Fore tackles 25-megabit/sec ATM
Fore Systems Inc., the leader in 155 megabit/sec desktop Asynchronous Transfer Mode (ATM) installations in the federal government, last week unveiled its first 25 megabit/sec product. Company officials hope the new switch will attract users of PCs and lower-end workstations.
Jeffrey White, product line manager of ATM switches at Fore, said the ForeRunner 25 ATM switch, interface modules and adapters will allow users to run ATM applications over unshielded twisted-pair wiring for less than half the price of a typical 155-megabit connection. White said a 25 megabit/sec link would cost $598 per connection, as opposed to $1,600 per 155 megabit/sec connection, based on commercial prices.
Richard Bibb, director of federal operations at Fore, said Fore customers in the Defense Department and intelligence communities - whom he declined to name - want 25-megabit products in order to provide ATM to more users.
"If you look at the installed base of desktop ATM users in the federal government, there is a range of users running at OC-3 [155 megabit/sec] rates," Bibb said. "But some of them don't have a need for OC-3, or maybe their machines or cable infrastructure don't support it. They view 25-megabit [products] as just another useful choice."
The announcement adds weight to the fledgling ATM 25 standard heretofore embraced mainly by Token Ring vendors such as IBM Corp. and Madge Networks Inc. The technology offers the same benefits as those present at OC-3 speeds, such as switched virtual circuits and local-area network emulation. The main difference lies in bandwidth size, which some power users may find inadequate. But White said the ForeRunner 25 was not designed with power users in mind.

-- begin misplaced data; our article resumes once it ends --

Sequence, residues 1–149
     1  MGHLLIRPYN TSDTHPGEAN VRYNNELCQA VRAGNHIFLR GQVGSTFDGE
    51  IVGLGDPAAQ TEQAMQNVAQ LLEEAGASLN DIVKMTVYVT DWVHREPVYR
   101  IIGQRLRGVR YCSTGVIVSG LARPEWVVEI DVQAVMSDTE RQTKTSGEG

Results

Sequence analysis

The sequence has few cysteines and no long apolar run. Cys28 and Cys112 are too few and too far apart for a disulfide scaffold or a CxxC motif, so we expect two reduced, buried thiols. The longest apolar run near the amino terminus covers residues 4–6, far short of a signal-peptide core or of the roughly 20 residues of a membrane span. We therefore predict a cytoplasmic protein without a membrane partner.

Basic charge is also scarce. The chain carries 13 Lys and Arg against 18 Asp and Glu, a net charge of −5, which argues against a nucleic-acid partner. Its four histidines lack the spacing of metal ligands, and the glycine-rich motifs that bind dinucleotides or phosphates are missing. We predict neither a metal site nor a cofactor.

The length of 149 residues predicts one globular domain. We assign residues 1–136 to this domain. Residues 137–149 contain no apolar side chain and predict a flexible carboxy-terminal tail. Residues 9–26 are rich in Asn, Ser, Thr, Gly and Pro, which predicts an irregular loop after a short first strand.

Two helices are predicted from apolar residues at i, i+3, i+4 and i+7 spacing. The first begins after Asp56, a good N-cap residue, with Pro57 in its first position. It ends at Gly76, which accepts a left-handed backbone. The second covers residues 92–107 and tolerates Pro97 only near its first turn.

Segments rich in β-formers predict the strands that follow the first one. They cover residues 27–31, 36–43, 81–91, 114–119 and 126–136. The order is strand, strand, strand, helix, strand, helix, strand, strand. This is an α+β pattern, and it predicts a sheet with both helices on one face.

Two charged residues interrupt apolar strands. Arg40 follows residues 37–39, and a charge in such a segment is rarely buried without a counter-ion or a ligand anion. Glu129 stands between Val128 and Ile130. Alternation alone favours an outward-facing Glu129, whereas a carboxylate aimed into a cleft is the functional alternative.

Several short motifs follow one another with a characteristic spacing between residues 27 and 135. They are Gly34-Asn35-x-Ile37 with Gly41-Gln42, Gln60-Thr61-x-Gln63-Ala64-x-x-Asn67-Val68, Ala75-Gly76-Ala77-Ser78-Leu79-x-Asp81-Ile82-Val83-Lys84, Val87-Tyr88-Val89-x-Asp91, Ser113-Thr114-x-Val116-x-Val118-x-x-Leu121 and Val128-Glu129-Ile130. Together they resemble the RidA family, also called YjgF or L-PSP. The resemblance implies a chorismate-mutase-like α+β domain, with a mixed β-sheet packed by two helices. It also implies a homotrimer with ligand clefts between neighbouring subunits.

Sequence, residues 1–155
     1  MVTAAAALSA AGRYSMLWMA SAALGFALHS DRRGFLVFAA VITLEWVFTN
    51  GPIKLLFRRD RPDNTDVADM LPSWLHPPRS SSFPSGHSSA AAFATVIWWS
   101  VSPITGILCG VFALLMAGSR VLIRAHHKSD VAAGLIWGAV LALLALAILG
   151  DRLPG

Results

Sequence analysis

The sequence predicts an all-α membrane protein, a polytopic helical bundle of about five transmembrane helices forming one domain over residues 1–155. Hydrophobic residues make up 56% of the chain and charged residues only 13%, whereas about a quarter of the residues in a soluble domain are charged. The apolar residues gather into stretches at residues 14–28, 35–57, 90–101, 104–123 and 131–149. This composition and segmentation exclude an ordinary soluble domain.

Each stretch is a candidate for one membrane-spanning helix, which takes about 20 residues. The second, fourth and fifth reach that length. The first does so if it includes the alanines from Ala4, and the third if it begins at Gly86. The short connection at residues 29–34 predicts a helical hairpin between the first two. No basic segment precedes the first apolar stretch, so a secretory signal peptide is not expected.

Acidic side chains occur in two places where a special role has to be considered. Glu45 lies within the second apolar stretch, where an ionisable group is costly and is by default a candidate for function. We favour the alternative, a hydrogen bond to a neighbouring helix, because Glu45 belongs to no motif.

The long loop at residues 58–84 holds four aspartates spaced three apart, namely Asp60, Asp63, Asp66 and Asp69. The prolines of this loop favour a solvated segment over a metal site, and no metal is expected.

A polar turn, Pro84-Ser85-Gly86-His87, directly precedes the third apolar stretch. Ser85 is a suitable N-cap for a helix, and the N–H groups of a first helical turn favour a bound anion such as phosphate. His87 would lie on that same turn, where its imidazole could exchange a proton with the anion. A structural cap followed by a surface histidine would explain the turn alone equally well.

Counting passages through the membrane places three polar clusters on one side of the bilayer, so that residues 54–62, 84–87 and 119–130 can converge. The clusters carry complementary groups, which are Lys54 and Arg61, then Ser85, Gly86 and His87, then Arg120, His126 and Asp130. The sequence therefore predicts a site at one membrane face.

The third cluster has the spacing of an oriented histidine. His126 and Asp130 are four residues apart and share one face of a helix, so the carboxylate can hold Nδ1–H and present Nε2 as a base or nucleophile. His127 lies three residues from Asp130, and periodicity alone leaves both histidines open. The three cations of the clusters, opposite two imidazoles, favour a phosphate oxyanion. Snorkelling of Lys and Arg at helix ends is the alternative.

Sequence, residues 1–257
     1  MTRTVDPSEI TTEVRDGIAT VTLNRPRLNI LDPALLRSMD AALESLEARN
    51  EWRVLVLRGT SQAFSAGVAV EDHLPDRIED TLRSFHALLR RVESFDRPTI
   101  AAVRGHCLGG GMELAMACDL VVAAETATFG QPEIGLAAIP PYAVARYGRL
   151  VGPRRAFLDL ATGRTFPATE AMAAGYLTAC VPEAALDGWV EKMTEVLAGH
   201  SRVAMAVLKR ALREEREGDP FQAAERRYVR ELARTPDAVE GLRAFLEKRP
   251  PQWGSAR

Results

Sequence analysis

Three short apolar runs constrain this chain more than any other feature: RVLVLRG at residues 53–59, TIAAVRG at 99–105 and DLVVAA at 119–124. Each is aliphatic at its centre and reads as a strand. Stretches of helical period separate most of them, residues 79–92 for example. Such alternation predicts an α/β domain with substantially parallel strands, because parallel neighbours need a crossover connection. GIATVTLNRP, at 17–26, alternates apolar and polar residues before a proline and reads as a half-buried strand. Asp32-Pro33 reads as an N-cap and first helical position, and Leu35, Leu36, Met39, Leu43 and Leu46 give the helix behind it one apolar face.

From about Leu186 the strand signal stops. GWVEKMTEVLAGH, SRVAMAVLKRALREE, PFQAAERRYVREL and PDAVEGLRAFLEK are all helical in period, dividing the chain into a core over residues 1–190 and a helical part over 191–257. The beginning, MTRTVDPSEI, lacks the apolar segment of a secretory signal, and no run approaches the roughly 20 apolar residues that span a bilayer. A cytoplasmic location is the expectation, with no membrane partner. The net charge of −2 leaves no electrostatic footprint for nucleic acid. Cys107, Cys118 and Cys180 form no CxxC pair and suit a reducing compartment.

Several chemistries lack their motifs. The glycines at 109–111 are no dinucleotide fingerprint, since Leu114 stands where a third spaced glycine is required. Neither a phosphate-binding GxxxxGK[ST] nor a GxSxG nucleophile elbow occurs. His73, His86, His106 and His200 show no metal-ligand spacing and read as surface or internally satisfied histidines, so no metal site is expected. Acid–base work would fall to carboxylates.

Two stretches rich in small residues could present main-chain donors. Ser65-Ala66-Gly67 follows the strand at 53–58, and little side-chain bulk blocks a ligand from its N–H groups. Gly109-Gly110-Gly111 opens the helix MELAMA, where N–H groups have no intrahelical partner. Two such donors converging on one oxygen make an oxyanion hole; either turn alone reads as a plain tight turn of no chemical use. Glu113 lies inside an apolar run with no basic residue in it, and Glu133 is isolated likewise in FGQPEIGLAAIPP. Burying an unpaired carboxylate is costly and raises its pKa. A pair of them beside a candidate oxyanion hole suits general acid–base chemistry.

"These are designed specifically for PCs and Macintoshes," he said.
Many agencies are experimenting with desktop ATM. But it remains unclear how many of them are prepared to invest in the technology when others, such as switched Ethernet and Fast Ethernet, loom on the horizon. For example, Frank Sutton, assistant director of applied technologies at the Justice Department, said agency officials only last week began discussions with systems integrator GTE Corp. on which technology would best serve users.
"There are a number of alternatives on the table right now across the industry," Sutton said. "Twenty-five-megabit ATM is just one. We're watching it and waiting for our users to determine their applications. Once that is established, we are well positioned with our ATM backbone to move forward."
Bibb said the new Fore products should be available "within the next month or so" through Electronic Data Systems Corp.'s Unified Local-Area Network Architecture II contract with the Air Force, Unisys Corp.'s Scientific and Engineering Workstation procurement with NASA, and Fore's own General Services Administration schedule contract.
The new switch supports either 18 or 24 25-megabit ports as well as LAN and wide-area network uplinks ranging between 1.5 megabit/sec and 622 megabit/sec.
Fore also announced a six-port, 25-megabit switch interface module that fits into any of Fore's existing switches. It also announced 25- and 155-megabit ForeRunnerLE ATM adapters for PCI bus PCs and servers. Laurie Ann Sims, Fore's product manager for adapters, said the adapters will support Microsoft Corp.'s Windows 95 and Windows NT, IBM's OS/2 Warp Connect, Novell Inc.'s NetWare and Apple Computer Inc.'s Open Transport platform. "We have a complete LAN solution now," Sims said.